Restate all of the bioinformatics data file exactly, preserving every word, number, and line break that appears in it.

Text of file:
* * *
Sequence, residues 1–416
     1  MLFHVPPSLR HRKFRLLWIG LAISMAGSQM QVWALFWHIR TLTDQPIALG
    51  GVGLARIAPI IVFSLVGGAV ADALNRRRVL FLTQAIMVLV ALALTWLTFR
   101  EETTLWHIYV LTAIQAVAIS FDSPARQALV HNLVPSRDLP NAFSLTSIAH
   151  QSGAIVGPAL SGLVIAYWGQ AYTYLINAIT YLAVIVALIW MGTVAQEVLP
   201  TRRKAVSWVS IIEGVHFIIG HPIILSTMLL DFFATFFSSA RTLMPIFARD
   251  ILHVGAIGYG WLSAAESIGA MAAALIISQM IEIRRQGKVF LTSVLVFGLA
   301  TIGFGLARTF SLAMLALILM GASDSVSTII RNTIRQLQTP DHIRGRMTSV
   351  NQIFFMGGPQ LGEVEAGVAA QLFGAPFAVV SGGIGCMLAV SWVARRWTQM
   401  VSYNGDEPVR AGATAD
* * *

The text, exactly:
Sequence, residues 1–416
     1  MLFHVPPSLR HRKFRLLWIG LAISMAGSQM QVWALFWHIR TLTDQPIALG
    51  GVGLARIAPI IVFSLVGGAV ADALNRRRVL FLTQAIMVLV ALALTWLTFR
   101  EETTLWHIYV LTAIQAVAIS FDSPARQALV HNLVPSRDLP NAFSLTSIAH
   151  QSGAIVGPAL SGLVIAYWGQ AYTYLINAIT YLAVIVALIW MGTVAQEVLP
   201  TRRKAVSWVS IIEGVHFIIG HPIILSTMLL DFFATFFSSA RTLMPIFARD
   251  ILHVGAIGYG WLSAAESIGA MAAALIISQM IEIRRQGKVF LTSVLVFGLA
   301  TIGFGLARTF SLAMLALILM GASDSVSTII RNTIRQLQTP DHIRGRMTSV
   351  NQIFFMGGPQ LGEVEAGVAA QLFGAPFAVV SGGIGCMLAV SWVARRWTQM
   401  VSYNGDEPVR AGATAD